Covid-19 NSW: Restrictions ease as state records 187 new coronavirus cases

An unvaccinated young man with no underlying health conditions has died with coronavirus.

A Sydney man in his 30s was among seven Covid-19 positive people reported dead on Monday.

The southwestern Sydney man was unvaccinated and had no major health conditions, NSW Health said.

News of his death came as an analysis of NSW coronavirus statistics was published that showed fully vaccinated people were significantly less likely to become seriously ill or die from the virus.

The latest issue of a health ministry report called “In Focus” also said the data showed fully vaccinated people were much less likely to catch the virus.

Only 6.1 per cent of the state‘s 61,800 people who have tested positive were fully vaccinated, NSW Health said.

Those who had received one dose represented 9.1 per cent of the infected, and 63.1 per cent had received no vaccine.

About a fifth of the cases had no vaccination recorded.

The fully vaccinated were mostly spared hospitalisation as well.

Only 5.7 of the 8660 people who have been hospitalised with the virus had received both doses, and that cohort made up just 3 per cent of total intensive care unit admissions.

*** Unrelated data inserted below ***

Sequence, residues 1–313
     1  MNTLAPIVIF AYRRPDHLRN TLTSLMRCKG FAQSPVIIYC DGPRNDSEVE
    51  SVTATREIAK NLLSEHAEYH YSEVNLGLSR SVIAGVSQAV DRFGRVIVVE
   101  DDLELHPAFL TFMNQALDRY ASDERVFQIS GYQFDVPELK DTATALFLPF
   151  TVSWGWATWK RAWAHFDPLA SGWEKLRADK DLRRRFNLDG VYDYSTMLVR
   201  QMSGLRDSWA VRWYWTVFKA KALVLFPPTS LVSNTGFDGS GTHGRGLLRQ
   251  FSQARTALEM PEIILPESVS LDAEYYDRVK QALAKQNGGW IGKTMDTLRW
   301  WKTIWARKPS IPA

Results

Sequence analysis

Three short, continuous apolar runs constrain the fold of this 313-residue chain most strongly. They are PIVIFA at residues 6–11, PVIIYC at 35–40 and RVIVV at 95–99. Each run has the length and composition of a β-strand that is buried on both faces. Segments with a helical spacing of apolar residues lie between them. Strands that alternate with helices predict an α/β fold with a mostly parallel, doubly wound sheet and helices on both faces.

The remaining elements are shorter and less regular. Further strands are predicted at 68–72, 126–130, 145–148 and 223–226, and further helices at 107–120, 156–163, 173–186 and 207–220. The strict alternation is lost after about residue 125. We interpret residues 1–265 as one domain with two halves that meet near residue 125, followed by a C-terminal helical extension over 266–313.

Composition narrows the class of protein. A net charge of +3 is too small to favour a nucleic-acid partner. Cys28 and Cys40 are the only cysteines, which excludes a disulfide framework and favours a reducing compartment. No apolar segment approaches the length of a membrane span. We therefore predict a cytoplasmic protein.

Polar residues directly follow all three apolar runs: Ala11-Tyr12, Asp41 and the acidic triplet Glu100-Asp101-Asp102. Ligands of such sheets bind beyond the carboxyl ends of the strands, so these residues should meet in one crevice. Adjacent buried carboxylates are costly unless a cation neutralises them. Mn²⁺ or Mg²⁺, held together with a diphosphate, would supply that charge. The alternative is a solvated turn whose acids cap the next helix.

Of the 30 fully vaccinated people who ended up in the ICU, 26 had significant underlying health conditions.

“This report shows vaccination has been key in protecting ourselves, our families, and the community from the harmful effects of the virus,” chief health officer Kerry Chant said.

The other people reported dead on Monday included one aged in their 60s, one in their 70s, three in their 80s and one in their 90s.

Coronavirus restrictions were also eased on Monday for fully vaccinated NSW residents, and 187 new local coronavirus cases were recorded.

Forty-eight of the 264 people hospitalised with the virus were treated in intensive care units, NSW Health said.

The new rules mean there are no longer any caps on how many vaccinated people can gather in a home, no booking limits for restaurants, and no limitations on how many can attend entertainment venues such as stadiums and theme parks.

Those freedoms were brought forward from December 1 in anticipation of a vaccination milestone that was expected to be reached this week.

It’s expected 90 per cent of people over 16 will have received both doses of a coronavirus vaccine within days. The rate as of Monday morning was 89.8 per cent.

Those people will be able to get a third shot of a vaccine as well, provided they had their second dose at least six months ago.

The so-called booster program is designed to strengthen the protection against the coronavirus by administering an extra shot of Pfizer.

The Monday rule changes also mean the 2sq m rule will apply instead of the 4sq m rule.

That means hospitality businesses and other venues will be able to admit as many customers as they want as long as each person can have 2sq m to themselves.

That rule will apply both indoors and outdoors.

Standing up and drinking at pubs will also be allowed, as will singing during religious gatherings.

Masks will still be mandatory indoors. It’s likely that rule will remain unchanged until mid-December.

People who haven’t yet had two vaccine shots will be prevented from joining in on most activities apart from those that were allowed during the state’s lockdown, such as shopping for essential goods.


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